Limits problem with trig? Factoring $\cos (A+B)$?

Disclaimer: I am an adult learning Calculus. This is not a student posting his homework assignment. I think this is a great forum!

$$\lim_{h\to0} \frac{\cos(\frac{\pi}{3}+h)-\frac{1}{2}}{h}$$

Do I use the angle addition formula to do this? I did that, and have no idea where to go from there.

$$\lim_{h\to0}\frac{\cos\frac{\pi}{3}\cos(h)-\sin\frac{\pi}{3}\sin(h)-\frac{1}{2}}{h}$$

What now?

• Do you know the definition of a derivative? Commented Oct 8, 2013 at 16:13
• You are almost done. Note that, $\cos(\pi/3)=1/2$, $\lim_{h\to 0}\frac{\sin(h)}{h}=1$. Commented Oct 8, 2013 at 16:28
• So, I factor out a 1/2 and get $\frac{cos(h)-1}{h}$ as one of the limits. Then I'm supposed to know that this limit is 0? (The other one is $\frac{\sqrt(3)}{2}$ Commented Oct 8, 2013 at 18:46

Let $\phi(x) = \cos(\frac{\pi}{3}+x)$. Note that $\phi(0) = \frac{1}{2}$, and $\phi$ is differentiable, with $\phi'(x) = -\sin(\frac{\pi}{3}+x)$.

So, the limit is $\lim_{h \to 0} \frac{\phi(h)-\phi(0)}{h} = \phi'(0) = -\sin \frac{\pi}{3} = -\frac{\sqrt{3}}{2}$.

• Ok, once you sub the 1/2 for $cos\frac{\pi}{3}$, you just used the limit definition of the derivative! So, you take the derivative of $cos(\frac{\pi}{3})$ and get -sin$\frac{\pi}{3}$ Commented Oct 8, 2013 at 18:40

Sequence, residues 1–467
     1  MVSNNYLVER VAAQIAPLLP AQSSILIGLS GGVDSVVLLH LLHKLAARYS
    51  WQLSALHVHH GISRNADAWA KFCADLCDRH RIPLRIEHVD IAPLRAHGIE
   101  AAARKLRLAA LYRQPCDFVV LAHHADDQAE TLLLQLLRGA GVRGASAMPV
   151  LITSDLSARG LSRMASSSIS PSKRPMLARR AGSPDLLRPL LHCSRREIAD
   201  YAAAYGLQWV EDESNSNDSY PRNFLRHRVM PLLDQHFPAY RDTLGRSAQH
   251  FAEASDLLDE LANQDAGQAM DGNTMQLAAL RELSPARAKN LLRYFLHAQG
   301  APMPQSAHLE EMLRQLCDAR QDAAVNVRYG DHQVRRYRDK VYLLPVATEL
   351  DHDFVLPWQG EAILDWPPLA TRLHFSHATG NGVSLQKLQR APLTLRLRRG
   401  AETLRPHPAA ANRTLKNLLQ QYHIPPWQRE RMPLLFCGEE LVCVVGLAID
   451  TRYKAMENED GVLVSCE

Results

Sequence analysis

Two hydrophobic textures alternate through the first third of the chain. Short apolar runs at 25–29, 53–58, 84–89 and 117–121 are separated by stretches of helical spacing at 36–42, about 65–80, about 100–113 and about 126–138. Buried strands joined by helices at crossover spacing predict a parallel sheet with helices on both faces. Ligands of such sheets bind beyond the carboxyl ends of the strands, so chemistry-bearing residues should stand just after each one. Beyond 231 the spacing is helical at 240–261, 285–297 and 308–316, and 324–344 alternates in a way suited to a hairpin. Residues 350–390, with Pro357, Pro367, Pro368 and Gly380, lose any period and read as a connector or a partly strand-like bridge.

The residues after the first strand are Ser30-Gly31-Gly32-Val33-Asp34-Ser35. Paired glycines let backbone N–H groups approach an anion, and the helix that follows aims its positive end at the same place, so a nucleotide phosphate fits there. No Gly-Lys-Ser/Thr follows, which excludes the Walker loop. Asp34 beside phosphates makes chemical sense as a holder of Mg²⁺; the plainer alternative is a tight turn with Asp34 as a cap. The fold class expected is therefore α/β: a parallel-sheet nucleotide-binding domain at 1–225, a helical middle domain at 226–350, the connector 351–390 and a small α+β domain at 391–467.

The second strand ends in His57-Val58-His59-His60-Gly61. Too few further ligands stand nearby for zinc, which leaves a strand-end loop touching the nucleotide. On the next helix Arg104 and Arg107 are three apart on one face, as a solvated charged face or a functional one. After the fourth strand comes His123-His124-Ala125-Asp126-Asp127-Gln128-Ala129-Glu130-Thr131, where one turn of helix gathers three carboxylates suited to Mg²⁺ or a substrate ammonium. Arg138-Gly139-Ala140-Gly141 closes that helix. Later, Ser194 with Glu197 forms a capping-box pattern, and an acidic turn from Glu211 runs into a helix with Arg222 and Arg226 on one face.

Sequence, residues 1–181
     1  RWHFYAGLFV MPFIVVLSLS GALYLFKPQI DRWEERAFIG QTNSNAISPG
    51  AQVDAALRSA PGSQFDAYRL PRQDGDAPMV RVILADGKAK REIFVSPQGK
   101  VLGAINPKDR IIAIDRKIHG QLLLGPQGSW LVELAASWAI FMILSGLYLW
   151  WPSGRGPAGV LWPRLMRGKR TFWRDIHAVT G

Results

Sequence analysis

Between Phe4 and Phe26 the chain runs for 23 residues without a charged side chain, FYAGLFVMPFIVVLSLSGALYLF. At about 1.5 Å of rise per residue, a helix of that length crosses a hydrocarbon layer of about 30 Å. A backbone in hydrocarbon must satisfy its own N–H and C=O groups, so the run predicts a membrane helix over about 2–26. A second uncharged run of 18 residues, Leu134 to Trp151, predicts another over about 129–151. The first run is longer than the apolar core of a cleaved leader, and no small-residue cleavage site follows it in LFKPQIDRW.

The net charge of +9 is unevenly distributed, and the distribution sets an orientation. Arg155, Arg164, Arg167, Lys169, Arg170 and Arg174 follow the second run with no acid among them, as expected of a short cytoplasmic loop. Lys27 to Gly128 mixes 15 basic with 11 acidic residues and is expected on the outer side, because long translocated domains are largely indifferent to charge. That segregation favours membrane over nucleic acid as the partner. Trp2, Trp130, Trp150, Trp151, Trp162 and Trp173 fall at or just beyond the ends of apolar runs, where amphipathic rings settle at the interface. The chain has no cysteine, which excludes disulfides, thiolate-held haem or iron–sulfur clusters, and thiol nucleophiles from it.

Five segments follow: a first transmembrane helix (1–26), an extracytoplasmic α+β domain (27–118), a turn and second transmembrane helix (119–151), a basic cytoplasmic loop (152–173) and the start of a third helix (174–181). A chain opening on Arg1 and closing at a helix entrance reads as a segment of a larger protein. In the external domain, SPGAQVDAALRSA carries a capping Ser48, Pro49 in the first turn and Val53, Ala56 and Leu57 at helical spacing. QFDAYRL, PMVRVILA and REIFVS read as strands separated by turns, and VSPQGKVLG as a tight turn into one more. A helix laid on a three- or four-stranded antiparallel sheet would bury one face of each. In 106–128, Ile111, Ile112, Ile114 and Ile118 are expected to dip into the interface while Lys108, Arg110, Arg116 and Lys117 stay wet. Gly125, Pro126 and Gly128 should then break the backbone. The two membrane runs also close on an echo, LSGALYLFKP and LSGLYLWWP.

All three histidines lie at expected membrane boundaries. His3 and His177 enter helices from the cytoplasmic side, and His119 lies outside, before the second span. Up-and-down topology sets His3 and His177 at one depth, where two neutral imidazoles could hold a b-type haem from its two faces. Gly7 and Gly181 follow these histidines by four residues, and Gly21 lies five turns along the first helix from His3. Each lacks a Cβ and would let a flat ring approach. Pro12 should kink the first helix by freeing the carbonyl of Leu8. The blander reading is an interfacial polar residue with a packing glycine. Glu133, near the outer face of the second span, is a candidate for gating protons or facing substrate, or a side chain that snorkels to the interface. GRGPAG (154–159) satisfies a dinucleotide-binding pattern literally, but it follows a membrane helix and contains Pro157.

• Well, we take the derivative of $x \mapsto \cos(\frac{\pi}{3}+x)$ and evaluate it at $x=0$ to get $-\sin \frac{\pi}{3}$. Commented Oct 8, 2013 at 21:12

You might want to use the values of sine and cosine of $\pi/3$ (remember it is 60 degrees), and reduce the problem to evaluating the following two limits: $\lim \frac{1-\cos h}{h}$ and $\lim \frac{\sin h}{h}$. Then note that $1-\cos h$ is a higher order infinitesimal than $h$ so this term drops out. I will leave the second limit to you.

• How am I supposed to know that $\lim \frac{1-\cos h}{h}=0$ Commented Oct 8, 2013 at 18:50
• Do I just get that limit by viewing the graph around 0 on a graphing calculator? Commented Oct 10, 2013 at 16:32

$$\frac{d(\cos x)}{dx}=\lim_{h\to0}\frac{\cos(x+h)-\cos x}h=\lim_{u\to0}\frac{\cos(x+2u)-\cos x}{2u}$$

Using $\displaystyle\cos C-\cos D=2\sin\frac{C+D}2\sin\frac{D-C}2$

$$\lim_{u\to0}\frac{\cos(x+2u)-\cos x}{2u}=-\frac12\cdot\lim_{u\to0}\frac{2\sin(x+u)\sin(-u)}{(-u)}=-\lim_{u\to0}\sin(x+u)\cdot\lim_{u\to0}\frac{\sin(-u)}{(-u)}$$

We know $\displaystyle\lim_{x\to0}\frac{\sin x}x=1$

Now in the current context $x=\frac\pi3$ as $\frac12=\cos\frac\pi3,$

Can you take it from here?

• Can you please point out the mistake here? Commented Oct 8, 2013 at 18:44
• Looks good to me. Commented Oct 8, 2013 at 21:10
• I just downvoted it since it seemed more complicated than necessary. I assume it's correct. Thanks! Commented Oct 10, 2013 at 16:32
• @JackOfAll, does it still look complicated? Find here :mash.dept.shef.ac.uk/Resources/sincosfirstprinciples.pdf Commented Oct 10, 2013 at 17:09

In this case, we can also use L'Hospital Rule because $\lim_{h \to 0} h =0$ and $\lim_{h \to 0} (cos(\pi/3+h)-1/2) =(cos(\pi/3+0)-1/2)=0$. $$\lim_{h \to 0}\frac{cos(\pi/3+h)-1/2}{h} =\frac{\lim_{h \to 0}(\frac{d}{dh}(cos(\pi/3+h)-1/2))}{\lim_{h \to 0}(\frac{d}{dh}h)}=\frac{\lim_{h \to 0}(-sin(\pi/3+h))}{\lim_{h \to 0}1}=\frac{-sin(\pi/3+0)}{1}=-\sqrt{3}/2.$$